While many It’s Always Sunny in Philadelphia fans enjoy the show for its crude and inappropriate humour, very few actually know of the darker aspect.
It took me two years to finally piece it all together, and frankly (no pun intended), it ultimately brought me to tears. The main focus of this entire piece is on Charlie Kelly and his life.
Before you start saying “it’s just a TV show; no need to get analytical,” understand that this is not a crucial, need to know thing, but it helps you understand and sympathize with Charlie a bit more. Face it, Charlie is one of the most beloved characters of It’s Always Sunny, but behind that goofy smile and his crazy antics, there’s a past so dark, you may need a tissue–or two.
Charlie makes references, however small, throughout all eleven seasons that seem trivial and unimportant.
Things most people don’t pick up on, because unless we’re watching some sort of crime drama, no one really cares about a character’s background or life. Very rarely does any show, especially a crass comedy like It’s Always Sunny in Philadelphia, open its audience up to the background of their characters, especially with a past like Charlie’s. So where do we start?
Charlie Kelly is uneducated, poor, and makes terrible life choices (like many, many people) but I feel they created his character so we could see the contrast between him and perhaps a child. Charlie is basically a man-child, and it shows frequently with his actions. While he strives to do his best and keep the gang on their feet, he fights his personal demons that not even the gang knows about.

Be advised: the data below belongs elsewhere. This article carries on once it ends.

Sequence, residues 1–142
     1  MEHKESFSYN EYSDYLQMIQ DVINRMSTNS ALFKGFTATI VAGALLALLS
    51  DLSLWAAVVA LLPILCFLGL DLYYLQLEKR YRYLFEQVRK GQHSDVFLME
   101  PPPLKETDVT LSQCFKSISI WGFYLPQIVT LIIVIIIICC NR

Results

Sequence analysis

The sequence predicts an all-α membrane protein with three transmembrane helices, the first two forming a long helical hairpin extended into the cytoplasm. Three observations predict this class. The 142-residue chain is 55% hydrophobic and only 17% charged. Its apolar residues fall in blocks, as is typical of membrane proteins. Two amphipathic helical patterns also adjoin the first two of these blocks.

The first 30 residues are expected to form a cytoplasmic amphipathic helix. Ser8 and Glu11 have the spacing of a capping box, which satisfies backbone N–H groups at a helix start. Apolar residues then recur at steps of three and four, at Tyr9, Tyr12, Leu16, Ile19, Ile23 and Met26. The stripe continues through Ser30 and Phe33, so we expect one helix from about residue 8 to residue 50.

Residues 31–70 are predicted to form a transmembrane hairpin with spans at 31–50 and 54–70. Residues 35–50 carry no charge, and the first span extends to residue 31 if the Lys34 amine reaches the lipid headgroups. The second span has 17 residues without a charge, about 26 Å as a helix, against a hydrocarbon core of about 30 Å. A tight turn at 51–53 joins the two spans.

He’s repressed memories of a childhood trauma that is vaguely mentioned throughout the seasons. The first, and blatantly obvious hint at childhood trauma is when he writes “The Nightman Cometh.”
“But the Nightman Cometh is funny.” Indeed it is, but once I am finished with this you will understand why this show is as funny as it is depressing. Charlie states that he wrote the play just to write a play, and in a way, I feel as if he still has these memories repressed, hence he writes a play. The Nightman Cometh is a metaphor for Charlie’s life, from the waitress to the “troll toll” which will come into play later.
While the gang jokes around about the Nightman/Boy “rape scene,” it is clear Charlie’s rage is much more than him being irritated with the gang. It may seem innocent, but I feel this is where he realizes his repressed memories and it begins to eat away at him.
In the episode “Sweet Dee Is Dating A Retarded Person,” Charlie is found in his apartment, high on paint fumes writing a song. It’s not obvious (until later) when he mentions handsome hands. We’re meant to think this is funny, but once I get more in depth, you’ll see why it’s tragic.
In a later season, Charlie is seen speaking with his mother. While he asks to stay with her, she mentions she had sublet his room to Uncle Jack. He explains to her after she says she needs money that she owns the apartment and doesn’t need it. She replies again with “I need money.” Seems innocent enough until Uncle Jack refers to the past and brings up wrestling to Charlie. He is overwhelmingly interested in sharing a room with Charlie, yet again.